Seeded tourneys on way back

Revised pairings system expected starting in fall

MPSSAA playoffs

May 05, 2000|By Pat O'Malley | Pat O'Malley,SUN STAFF

Last night's lottery draw without seedings for the state open tournaments was apparently the last by the Maryland Public Secondary Schools Athletic Association .

The MPSSAA has recommended that the top four teams by overall records, not including holiday tournament games, will be seeded in all sports, excluding football, with the remainder of the teams in each 16-team region bracket seeded by the blind draw. The change would go into effect next fall.

In football, there is not enough playoff time to include all teams, so qualifying by playoff points will continue.

Last winter, boys and girls basketball tournaments were seeded as an experiment that proved successful. The MPSSAA executive council evaluated the experiment and recommended the expansion to the Board of Control at its annual meeting in Ocean City last weekend.

"We followed up the basketball season with a survey of the state boys and girls coaches, and about half responded in the positive to seed the top four teams again," said Ned Sparks, the MPSSAA executive director.

"It was pretty conclusive that we should go to seeding. It wasn't a unanimous vote to approve seeding, but the majority was in favor. There was some debate whether we should implement it for the fall, but we decided to do so."

The only change from the experiment is the halting of the coin flip for fourth seed that throws the loser into the blind-draw hopper if two or more teams tie by records. Those tied teams, no matter how many, will be seeded four, five, six, etc., by coin flip and will not be subject to a random seed.

Sparks said that though the procedure is "not perfect," it serves as a "happy compromise," because it appeases the many who believed that the blind draw rewarded mediocrity. A winless team could get a first-round bye or home game over an undefeated team.

On the other hand, two top teams could face each other in their opening game. In last night's baseball draw, for example, top-ranked Arundel (14-4) and third-ranked Severna Park (16-2) received the ninth and eighth seeds, respectively, and are forced to meet in the first round.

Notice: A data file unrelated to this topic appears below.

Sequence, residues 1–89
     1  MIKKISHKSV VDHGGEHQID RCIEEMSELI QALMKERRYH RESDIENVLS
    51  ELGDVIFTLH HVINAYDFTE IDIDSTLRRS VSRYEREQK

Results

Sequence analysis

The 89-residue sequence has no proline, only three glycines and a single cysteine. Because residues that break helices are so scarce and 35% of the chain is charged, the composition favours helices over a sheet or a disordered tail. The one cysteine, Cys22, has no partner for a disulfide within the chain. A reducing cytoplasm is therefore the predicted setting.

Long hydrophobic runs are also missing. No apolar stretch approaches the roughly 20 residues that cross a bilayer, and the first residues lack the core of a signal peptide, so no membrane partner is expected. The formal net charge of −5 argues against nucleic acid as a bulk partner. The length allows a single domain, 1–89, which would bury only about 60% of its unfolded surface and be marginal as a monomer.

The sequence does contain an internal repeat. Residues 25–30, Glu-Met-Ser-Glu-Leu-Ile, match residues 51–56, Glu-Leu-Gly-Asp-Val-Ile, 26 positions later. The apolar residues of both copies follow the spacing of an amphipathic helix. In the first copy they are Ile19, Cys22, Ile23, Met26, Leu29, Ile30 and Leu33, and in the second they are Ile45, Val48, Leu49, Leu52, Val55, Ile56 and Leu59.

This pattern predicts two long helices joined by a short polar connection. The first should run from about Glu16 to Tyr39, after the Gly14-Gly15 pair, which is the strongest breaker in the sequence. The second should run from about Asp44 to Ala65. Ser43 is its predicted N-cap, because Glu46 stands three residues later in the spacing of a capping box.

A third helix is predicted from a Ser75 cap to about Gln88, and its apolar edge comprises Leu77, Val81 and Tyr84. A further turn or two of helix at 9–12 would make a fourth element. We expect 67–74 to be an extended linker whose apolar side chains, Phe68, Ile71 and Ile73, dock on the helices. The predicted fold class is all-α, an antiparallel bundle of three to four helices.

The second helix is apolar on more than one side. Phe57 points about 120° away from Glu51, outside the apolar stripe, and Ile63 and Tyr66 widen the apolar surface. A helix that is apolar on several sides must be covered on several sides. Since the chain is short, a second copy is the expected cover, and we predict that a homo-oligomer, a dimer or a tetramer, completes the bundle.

The new format somewhat maintains the original idea of the open tournament, which allows all teams to participate no matter their record and which has the majority of teams seeded by the luck of the draw.

Each of the state's four enrollment classifications (4A, 3A, 2A and 1A) has four regions, which means there are 16 region champions. In the boys and girls basketball experiment, 26 of the 32 region champions were seeded either No. 1 or No. 2.

Of those seeded first through fourth, 31 of 32 won their respective region titles. Only one unseeded team, Edmondson's boys in Class 2A North, won a region.

"No records were kept for the open tournament, so you have to say the best team did win over the last few years," said Baltimore County administrator of athletics Ron Belinko, who chaired the initial committee that recommended the open tournament.

That committee, which scrapped the old points qualifier that did not include all teams, became known as the "Belinko Commission."

Belinko said his committee studied the process for "an entire year" and believes that the new method should have been studied at least as long.

"It bothers me that all the good people we had on that committee who put in a lot of time trying to come up with the best possible method have had their input disregarded," Belinko said.

"The original committee was against any open tournament without seeding, but after thorough examination and lengthy discussions, we were convinced the open tournament without seeding was the best way to go."

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